The School of Business and Economics, aiming for high quality research, maintains an ambitious system of allocation of research funds, based on the assessment of output. Funds are translated to full time equivalents, which are distributed among the members of staff, according to their relative performance in terms of (research-based) publications.
The research funding is meant for members of the scientific staff with an appointment on the account of the university ('eerste geldstroom') or on a structural externally funded position. PhD students and post-docs are not entitled to research funding, other than the funding agreed upon at the start of their contract.
Entitlements to research funding are expressed in percentages of full-time equivalents. A maximum of 50 percent can be allocated. The percentage obtained ought to be multiplied with the employment factor (wtf) and reduced by possible budget cuts, to arrive at the number of working hours to be dedicated to research. The minimum research time is 20 percent (= 1,16 credits in 2020).
Rules for assessment
The assessment of research output is based on the classification of the five best publications out of the past five years. These five titles are selected by the researcher from the national research database Pure, which is updated throughout the year, most of the time by the researcher himself.
The ranking of the journals is based on the journal’s Article Influence Score, which can be found on the ISI Web of Knowledge (Additional Resources → Journal Citation Reports). A journal’s weight is derived from the Article Influence percentile. If the AIp is available for the year of publication, that value will be used. If the publication is too recent, the most recent AIp will be used. The most recent table can be found here.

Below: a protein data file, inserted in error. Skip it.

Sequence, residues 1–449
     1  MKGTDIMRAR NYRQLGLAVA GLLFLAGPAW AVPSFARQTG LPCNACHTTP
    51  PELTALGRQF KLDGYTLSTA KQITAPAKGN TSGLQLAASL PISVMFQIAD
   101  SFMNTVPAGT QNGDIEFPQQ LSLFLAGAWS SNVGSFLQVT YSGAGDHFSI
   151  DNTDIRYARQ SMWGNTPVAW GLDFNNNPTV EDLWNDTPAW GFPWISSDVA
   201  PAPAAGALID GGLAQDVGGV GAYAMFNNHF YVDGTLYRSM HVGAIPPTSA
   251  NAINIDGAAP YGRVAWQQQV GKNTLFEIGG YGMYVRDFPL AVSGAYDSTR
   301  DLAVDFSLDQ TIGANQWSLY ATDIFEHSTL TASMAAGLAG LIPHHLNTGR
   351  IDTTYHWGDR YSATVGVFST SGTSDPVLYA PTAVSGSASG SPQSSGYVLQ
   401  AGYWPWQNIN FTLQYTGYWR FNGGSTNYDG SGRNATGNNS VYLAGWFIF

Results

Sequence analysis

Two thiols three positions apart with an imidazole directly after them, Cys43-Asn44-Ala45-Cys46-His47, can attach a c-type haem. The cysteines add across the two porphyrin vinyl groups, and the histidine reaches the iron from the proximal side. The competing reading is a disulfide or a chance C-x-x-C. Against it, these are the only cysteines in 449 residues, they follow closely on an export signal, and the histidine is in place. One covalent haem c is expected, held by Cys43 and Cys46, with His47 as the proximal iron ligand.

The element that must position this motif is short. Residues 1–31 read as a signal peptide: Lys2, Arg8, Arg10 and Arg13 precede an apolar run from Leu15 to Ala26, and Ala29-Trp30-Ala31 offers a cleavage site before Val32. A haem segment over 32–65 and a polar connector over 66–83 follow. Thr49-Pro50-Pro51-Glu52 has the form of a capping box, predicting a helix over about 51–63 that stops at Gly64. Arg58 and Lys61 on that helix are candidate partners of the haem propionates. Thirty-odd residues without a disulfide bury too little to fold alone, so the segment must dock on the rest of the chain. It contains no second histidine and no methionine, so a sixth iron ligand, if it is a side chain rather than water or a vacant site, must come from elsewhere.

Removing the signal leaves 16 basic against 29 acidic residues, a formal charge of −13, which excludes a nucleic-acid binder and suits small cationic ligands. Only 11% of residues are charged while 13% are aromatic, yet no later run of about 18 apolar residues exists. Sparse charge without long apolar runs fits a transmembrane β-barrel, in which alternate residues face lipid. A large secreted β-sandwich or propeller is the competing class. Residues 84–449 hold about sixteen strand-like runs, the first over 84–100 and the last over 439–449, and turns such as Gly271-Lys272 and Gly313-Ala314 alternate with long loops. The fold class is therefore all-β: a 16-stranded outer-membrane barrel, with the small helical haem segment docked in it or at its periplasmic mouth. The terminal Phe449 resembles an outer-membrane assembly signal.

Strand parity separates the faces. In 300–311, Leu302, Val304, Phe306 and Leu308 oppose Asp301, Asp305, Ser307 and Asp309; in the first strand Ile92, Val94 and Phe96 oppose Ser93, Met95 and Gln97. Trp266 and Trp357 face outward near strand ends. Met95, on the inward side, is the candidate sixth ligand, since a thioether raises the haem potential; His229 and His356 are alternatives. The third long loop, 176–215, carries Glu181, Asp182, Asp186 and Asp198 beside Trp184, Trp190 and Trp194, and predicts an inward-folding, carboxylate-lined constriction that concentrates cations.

To determine the journal’s weight, the percentile is first divided by 100, and then squared.
For a single-authored journal publication, the amount of credits obtained is simply equal to the journal’s weight in the year that the article was published. With multiple authors, that weight is multiplied by 0.75 to obtain the number of credits.
Dissertations receive 0.45 credits. In addition, dissertations that are reissued as monograph by a scientific publisher will be treated as such.
The listed publishers are classified as A or B; publications with non-listed publishers receive no credits. Single-authored monographs receive 0.85 credits for an A publisher and 0.60 for a B publisher. These scores are multiplied by 0.75 in case of multiple authors. Researchers can submit a maximum of one monograph for the allocation of research time.
Book reviews are not included in the assessment. Other short journal publications - including editorials (for edited special issues), comments, very short notes, etc. - may qualify for inclusion provided they make a sufficient scientific contribution. Judgements are to be made by a temporary committee. The number of pages is of no consequence for the credits attributed.
Summarising, the following credits are attributed:
In general, there will be no deviations from the journal weights thus defined, with the following exceptions:
It has become clear that accounting journals are exceptionally poorly represented in Web of Science, and the scores of the journals that are included in the Web of Science are very low. For that reason, we use the Scopus SJR journal (Percentile) list to map the Accounting journal list. This results in a system that allows accounting to be evaluated comparably to AIP despite the absence of most journals. You will find the mapping list here.
2. Unintended outlets